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Emerging Infectious Diseases Journal


Volume 7: No. 1, January 2010

Ensuring the Nation’s Mental Health: The Role of Federal Agencies


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Author Information

A. Kathryn Power, MEd

Suggested citation for this article: Power AK. Ensuring the nation's mental health: the role of federal agencies. Prev Chronic Dis 2010;7(1):A05.
. Accessed [date].

Behavioral health care, which addresses mental health and substance use, has been neglected by our health care system. People with severe mental illnesses and other chronic conditions such as diabetes, asthma, heart disease, and obesity, die earlier than do people without such conditions. Behavioral health conditions may not be properly addressed because of a lack of community resources and poor health insurance coverage for such conditions. The federal government — in partnership with states, communities, consumers, families, and the private sector — has responded with proposals for health care reform that include mental health care.

In 2009, federal agency partners helped frame the agenda for health care reform. Their focus was on creating a holistic, person-centered health care system, achieved through a public health model that addresses the broad determinants of health and mental health. In particular, they focused on prevention, early intervention, and the use of technology to increase access to and quality of health and mental health services.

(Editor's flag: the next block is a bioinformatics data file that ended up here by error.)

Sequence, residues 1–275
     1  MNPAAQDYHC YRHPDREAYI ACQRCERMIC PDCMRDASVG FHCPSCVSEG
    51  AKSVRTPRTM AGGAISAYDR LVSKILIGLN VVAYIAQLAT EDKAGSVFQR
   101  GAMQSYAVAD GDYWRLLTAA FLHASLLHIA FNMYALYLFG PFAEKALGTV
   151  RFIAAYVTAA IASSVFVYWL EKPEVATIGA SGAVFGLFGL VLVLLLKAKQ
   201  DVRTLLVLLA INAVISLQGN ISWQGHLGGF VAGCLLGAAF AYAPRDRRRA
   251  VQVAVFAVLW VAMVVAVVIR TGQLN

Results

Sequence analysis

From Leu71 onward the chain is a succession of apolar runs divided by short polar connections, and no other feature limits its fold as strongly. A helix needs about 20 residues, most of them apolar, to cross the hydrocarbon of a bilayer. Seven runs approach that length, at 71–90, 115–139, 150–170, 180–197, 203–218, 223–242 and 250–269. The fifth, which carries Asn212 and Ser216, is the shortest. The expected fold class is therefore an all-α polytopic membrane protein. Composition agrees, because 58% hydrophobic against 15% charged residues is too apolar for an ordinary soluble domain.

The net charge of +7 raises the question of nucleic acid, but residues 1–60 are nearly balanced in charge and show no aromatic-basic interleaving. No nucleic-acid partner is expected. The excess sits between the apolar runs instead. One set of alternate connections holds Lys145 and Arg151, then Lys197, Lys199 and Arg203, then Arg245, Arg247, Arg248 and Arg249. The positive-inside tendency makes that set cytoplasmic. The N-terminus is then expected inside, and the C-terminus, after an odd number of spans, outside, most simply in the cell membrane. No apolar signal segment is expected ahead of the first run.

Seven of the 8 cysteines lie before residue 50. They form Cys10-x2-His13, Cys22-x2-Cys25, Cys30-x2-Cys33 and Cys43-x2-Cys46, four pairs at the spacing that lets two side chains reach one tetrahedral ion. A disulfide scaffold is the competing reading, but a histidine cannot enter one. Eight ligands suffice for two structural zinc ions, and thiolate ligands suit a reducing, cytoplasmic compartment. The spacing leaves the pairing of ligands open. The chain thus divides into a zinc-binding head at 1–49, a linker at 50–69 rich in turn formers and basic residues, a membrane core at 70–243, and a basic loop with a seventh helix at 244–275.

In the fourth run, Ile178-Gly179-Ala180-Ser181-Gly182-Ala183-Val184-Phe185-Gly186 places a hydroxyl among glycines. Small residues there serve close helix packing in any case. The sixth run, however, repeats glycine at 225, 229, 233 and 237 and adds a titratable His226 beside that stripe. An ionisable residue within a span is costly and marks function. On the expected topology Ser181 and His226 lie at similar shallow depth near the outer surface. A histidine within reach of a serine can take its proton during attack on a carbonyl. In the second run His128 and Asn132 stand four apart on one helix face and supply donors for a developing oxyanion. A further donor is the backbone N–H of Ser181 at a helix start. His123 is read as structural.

The federal response to behavioral health care reform has been guided by 3 seminal documents that have influenced and reflected change in mental health systems and services. Reports by the Surgeon General (1), New Freedom Commission on Mental Health (2), and Institute of Medicine (3) made all of the following clear:

  • Mental health is essential to overall health.
  • Mental illnesses are real disorders and treatment is effective.
  • Recovery is the expected outcome of treatment and services.
  • Services must be consumer- and family-driven and evidence-based.